Last month I got a text from my brother letting me know he had reluctantly, but lovingly, made the difficult decision to have my dad’s Cairn Terrier Mandi euthanized. I had just pulled into my parking stall at a local strip-mall where I planned to get a haircut. I read that text and immediately lost it. Yes, I lost it right there in the parking lot in front of Cost Cutters and Papa Murphy’s Pizza.
A few days later after the news sunk in, I wanted to write and share about this with you, dear readers. But I waited. I held back. I thought, geez, should I really share about this? Would you think I was/am nuts? Mandi was just another dear old dog, for crying out loud. So I waited some more.
A month later I found myself still wanting to share about Mandi, and so I finally figured, okay, just do it. Besides, I know many of you are pet lovers like me, so you’ll relate, right?
Because to love a pet is also to understand what it’s like to grieve for a pet when it dies.
When a beloved pet’s life ends, it’s like saying goodbye to a part of your life too. Saying goodbye to Mandi was like saying goodbye to my parents. Again. It hurts. Again.
Pets come into our lives and pets leave our lives and by the time they leave us, they have etched themselves into our hearts forever.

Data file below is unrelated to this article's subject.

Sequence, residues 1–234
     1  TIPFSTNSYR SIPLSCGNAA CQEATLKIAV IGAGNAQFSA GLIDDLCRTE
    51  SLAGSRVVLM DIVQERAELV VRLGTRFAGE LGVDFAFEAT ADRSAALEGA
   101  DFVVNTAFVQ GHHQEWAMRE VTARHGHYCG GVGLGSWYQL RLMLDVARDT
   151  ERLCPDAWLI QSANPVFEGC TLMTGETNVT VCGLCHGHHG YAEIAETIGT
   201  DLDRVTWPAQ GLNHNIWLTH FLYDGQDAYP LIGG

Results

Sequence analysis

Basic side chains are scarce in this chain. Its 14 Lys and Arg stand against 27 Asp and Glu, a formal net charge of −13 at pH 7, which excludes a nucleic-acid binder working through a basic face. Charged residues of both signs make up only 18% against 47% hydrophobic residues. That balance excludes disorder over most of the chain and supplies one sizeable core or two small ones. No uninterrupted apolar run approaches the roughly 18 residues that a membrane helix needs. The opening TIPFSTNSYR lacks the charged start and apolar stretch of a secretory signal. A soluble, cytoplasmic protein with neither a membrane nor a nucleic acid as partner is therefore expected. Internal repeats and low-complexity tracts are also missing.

This is one more reason pets are so deeply loved, deeply grieved for and deeply missed when they die.
Mandi lived to be 16 years old. That’s a lot of years, as dog years go. A lot happens in a family during a dog’s life, during 16 years, or however long it happens to be.
Life in dog chunks, as I have said before, that’s how I sometimes look at mine.
Like all pets do, Mandi witnessed the joyful times in my family. And the not so joyful times.
For example, as I shared in my memoir, the day my brother wheeled our mother out of the house in her wheelchair for the very last time, we placed Mandi on her lap, so my mother could say goodbye and give Mandi a pat on the head, which she did.
My dad’s and my three siblings’ mouths, as well as my own, dropped open as my mother unexpectedly smiled and said, “Goodbye, Mandi. You’re a good little dog.”
You see, that day my mother was not speaking to ANY of us. At all.
But she spoke to Mandi that day.
Says a lot right there, doesn’t it?
After my mother died, Mandi took on an even bigger role in my dad’s life. She was his constant companion as he adjusted to life alone. Mandi filled that role, and admirably so, for over eight years.
My dad and Mandi grew old together. Their bond deepened.
Then unexpectedly my dad became ill. As many of you know, he died this past July. My heart aches still.
My siblings and I were struck by the fact that Mandi somehow managed to outlive both our parents. She stood by our mother. She stood by our dad.
Shortly after my dad died, Mandi’s health deteriorated, and rapidly so.
Her work was done, and it seemed somehow she knew it.
Do dogs sense such things? Who knows?
It doesn’t matter anyway.
Mandi was just another dear old dog.
A dear old dog who will always be remembered for her spirited, feisty and unconditional devotion.
You were a good little dog indeed, a link to my past and heart. Forever.
Please share about one of your beloved family pets, past or present.
Have you ever felt embarrassed about grieving deeply for a pet?